He said the PTI administration was the only government in the country that had tried to work for the well-being of people.
“What crime did we commit that our government was brought down,” he asked.
Khan said he only remained unsuccessful on one count during his three-year rule.
“I failed in bringing the powerful under the law,” he continued. “The National Accountability Bureau was not under me. It was reporting to the establishment.”
The PTI chief maintained every time he brought up the issue of accountability, he was asked to focus on the economy.
“Those who had the power did not think corruption was bad,” he said in an oblique reference to the country’s military leadership.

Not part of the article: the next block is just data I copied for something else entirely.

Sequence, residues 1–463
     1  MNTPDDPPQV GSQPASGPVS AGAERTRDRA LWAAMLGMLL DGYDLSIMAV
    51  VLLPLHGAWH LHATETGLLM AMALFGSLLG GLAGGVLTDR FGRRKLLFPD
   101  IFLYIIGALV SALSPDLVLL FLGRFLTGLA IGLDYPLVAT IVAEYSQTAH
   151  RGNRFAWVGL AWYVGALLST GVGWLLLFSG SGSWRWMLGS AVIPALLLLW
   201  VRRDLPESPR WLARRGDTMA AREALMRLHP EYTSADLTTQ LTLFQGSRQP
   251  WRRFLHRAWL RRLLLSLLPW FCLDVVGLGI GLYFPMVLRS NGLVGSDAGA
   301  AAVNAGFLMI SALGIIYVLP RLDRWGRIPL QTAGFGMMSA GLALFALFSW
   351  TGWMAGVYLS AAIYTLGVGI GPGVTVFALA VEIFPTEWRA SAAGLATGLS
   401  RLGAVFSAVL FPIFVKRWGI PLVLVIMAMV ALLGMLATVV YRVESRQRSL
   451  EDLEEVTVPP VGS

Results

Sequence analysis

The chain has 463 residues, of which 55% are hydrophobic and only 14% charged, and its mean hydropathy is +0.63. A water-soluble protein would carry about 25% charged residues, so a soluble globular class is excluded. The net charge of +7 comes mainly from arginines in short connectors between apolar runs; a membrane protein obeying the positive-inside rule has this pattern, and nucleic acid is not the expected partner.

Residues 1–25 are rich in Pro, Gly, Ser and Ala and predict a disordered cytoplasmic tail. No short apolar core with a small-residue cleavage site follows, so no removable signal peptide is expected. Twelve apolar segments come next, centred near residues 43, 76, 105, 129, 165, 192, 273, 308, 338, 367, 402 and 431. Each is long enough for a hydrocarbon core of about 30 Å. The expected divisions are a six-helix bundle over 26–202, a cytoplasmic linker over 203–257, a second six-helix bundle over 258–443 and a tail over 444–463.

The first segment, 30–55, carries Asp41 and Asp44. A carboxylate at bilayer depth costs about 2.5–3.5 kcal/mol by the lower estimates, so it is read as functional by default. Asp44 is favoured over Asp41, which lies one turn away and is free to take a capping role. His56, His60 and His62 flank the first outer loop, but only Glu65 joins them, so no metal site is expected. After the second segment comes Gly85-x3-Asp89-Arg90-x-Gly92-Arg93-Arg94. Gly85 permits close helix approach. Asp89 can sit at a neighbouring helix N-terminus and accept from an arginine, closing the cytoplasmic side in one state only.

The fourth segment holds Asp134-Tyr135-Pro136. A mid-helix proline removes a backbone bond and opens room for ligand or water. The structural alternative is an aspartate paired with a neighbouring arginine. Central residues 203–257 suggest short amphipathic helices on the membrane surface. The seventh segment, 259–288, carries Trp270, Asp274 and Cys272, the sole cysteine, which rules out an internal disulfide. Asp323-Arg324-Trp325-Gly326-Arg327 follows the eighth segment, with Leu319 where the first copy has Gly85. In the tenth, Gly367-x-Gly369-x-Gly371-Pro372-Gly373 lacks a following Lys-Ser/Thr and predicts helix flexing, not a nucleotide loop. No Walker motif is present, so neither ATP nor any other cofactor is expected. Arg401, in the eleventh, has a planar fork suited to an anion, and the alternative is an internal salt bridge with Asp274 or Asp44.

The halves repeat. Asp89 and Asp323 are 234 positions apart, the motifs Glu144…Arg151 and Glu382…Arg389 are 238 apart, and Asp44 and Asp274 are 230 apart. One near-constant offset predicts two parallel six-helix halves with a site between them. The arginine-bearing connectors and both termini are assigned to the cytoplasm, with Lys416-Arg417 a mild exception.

Khan added he was proud that Pakistan’s armed forces were the strongest in the Muslim world, though he maintained they should not consider themselves above criticism.


Pakistan’s former PM arrives in Rawalpindi to address first protest rally since being shot

Updated 26 November 2022

Pakistan’s former PM arrives in Rawalpindi to address first protest rally since being shot

  • Imran Khan has been calling for early elections in the country since being ousted from power in April
  • Pakistan’s interior minister has asked him to return to parliament, discuss snap polls with government

RAWALPINDI: Pakistan’s former minister Imran Khan arrived in the garrison city of Rawalpindi in a helicopter on Saturday to address thousands of people at his first public appearance since being shot during an anti-government march earlier this month near Wazirabad city.
Khan, who was ousted from power in a parliamentary no-trust vote in April, has held several protest rallies across Pakistan in a bid to pressure the government to announce snap polls. The government has refused his demand in the past while saying the general elections will be held as per schedule toward the end of next year.